On the drama/sitcom split, the percentage of sitcoms did tick up again, and a couple networks (Fox and NBC) actually have more sitcoms than dramas. But they were overwhelmed by CBS and ABC going way in the other direction. The sense I got from the later pilot updates was that both networks had really bad comedy development. Unfortunate, but it's how it goes sometimes.

*- I left ABC's Mistresses, currently slated for summer 2013, and that pirate show on NBC (might be summer) in those counts for now, but I won't ultimately count them if they end up in the summer. There are also some other pilots still floating around that might get a nod, and for some reason I feel like I may have left something out. Anyway, I'd expect this number will end up somewhere other than 34.


Spot said...

I hope ABC isn't going to stagger their Sunday premieres. They need a big opening from Once Upon a Time to ripple throughout the night. And the hour-long Modern Family premiere trick worked for Revenge last year, so I hope they do it again for Nashville. A late start for Last Resort, maybe?

Spot said...

Well, I would certainly think they will want the Once premiere leading into the Revenge premiere. But it wouldn't shock me to see a two-hour Revenge premiere for its first night with 666 Park the next week.

Spot said...

Yeah, that's a good point. Then they can pump the Revenge premiere full of promos for 666's premiere.

Spot said...

I'm most surprised that networks weren't more aggressively using their few high-rated shows to launch new shows. Castle's still going to follow Dancing. NCIS will still lead into LA. X and Idol will be boosting Glee, of all shows. At least NBC has The Voice leading into its most promising drama in Revolution and its two most anticipated sitcoms.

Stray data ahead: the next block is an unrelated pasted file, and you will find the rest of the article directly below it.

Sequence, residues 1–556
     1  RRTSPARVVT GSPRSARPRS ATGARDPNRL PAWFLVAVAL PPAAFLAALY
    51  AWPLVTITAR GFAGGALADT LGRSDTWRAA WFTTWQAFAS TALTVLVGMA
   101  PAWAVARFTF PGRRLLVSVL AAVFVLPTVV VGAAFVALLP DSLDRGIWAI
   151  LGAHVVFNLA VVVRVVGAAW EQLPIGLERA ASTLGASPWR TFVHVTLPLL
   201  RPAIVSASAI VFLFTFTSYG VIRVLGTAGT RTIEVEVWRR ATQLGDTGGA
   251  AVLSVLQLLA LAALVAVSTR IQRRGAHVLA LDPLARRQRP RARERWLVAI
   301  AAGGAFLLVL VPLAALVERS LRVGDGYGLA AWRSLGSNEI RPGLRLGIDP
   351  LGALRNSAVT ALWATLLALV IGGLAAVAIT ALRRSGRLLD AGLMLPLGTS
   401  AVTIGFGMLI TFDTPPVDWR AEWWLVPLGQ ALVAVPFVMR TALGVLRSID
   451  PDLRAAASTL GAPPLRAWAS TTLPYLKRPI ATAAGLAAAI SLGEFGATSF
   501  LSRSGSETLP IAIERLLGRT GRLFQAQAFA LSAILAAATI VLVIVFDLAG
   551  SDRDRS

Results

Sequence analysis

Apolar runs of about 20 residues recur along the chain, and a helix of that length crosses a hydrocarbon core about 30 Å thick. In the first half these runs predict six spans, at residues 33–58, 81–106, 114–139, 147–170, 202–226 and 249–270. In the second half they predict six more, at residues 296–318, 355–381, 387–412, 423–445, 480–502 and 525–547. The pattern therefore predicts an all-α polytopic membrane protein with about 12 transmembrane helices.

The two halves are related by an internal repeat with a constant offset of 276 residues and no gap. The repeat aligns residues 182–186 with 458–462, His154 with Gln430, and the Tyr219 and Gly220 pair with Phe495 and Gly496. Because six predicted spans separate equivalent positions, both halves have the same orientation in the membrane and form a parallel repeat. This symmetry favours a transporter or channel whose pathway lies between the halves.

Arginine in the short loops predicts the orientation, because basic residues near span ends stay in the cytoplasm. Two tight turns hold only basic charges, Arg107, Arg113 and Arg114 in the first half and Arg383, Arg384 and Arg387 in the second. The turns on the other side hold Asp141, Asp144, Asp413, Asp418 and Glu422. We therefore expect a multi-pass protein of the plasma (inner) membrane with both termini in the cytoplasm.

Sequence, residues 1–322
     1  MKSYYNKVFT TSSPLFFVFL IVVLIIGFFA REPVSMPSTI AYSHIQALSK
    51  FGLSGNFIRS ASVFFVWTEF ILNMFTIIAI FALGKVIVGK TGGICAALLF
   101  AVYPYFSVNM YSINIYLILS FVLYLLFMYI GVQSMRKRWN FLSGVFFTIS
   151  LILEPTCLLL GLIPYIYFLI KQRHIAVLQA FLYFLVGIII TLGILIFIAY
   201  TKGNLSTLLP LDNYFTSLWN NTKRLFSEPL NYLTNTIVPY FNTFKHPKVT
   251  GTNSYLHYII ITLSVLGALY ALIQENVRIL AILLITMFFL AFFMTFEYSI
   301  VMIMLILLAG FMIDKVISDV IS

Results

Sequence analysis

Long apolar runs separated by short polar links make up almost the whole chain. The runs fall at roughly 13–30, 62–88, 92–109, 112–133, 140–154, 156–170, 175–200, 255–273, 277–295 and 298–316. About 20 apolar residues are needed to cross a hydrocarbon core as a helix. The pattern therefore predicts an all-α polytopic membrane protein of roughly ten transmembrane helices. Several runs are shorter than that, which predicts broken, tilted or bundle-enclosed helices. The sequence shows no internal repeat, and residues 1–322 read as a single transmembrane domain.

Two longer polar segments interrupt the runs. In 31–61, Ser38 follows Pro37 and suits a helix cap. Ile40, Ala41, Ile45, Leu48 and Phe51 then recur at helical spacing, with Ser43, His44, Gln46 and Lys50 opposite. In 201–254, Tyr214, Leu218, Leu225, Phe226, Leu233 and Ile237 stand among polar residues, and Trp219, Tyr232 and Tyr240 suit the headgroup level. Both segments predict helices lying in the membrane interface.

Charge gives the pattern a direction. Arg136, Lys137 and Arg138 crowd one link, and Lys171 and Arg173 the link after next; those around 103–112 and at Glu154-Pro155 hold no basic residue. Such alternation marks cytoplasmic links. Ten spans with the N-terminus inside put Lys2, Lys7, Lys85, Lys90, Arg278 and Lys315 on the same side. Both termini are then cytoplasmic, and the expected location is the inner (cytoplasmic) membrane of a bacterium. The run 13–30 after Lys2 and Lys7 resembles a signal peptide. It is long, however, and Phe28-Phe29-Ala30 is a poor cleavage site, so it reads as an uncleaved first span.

Also, I think NBC best took advantage of Tuesday's weakness by having Go On and New Normal at 9:00. ABC is trying the same trick, but I don't think it'll match up as well, plus DWTS is slowly dying. New Girl really faded in the spring, plus the MLB playoffs took a big chunk out after it debuted. Raising Hope is not an anchor. NCIS's lead-in is wasted on a fourth-year drama.

The other thing I found interesting was that Friday at 8:00 and 9:00 is 80% scripted. When was the last time that was the case?

Spot said...

Again, on CBS comedies in particular, they had a lot of single-cams in the pipeline, but I got the sense that they weren't enthusiastic about the format given their ongoing success in the multi-cam arena. So, we get to pick-up time, and they have a bunch of single-cams that they don't know how to sell, and then their multi-cams come out unpromising too. Hence why we didn't get the seemingly obvious expansion, maybe along w/ a dose of "Could Person on Interest GROW into the future of Thursdays?"...

Spot said...

I would say they WERE enthusiastic about the format, just not the individual shows. They wouldn't have tried so hard with single-cams if they didn't want to do them. But ultimately the shows weren't good enough to go out on that limb. I would still argue, however they ended up there, that greenlighting just two new comedies when they have so many huge returning ones equals very bad development.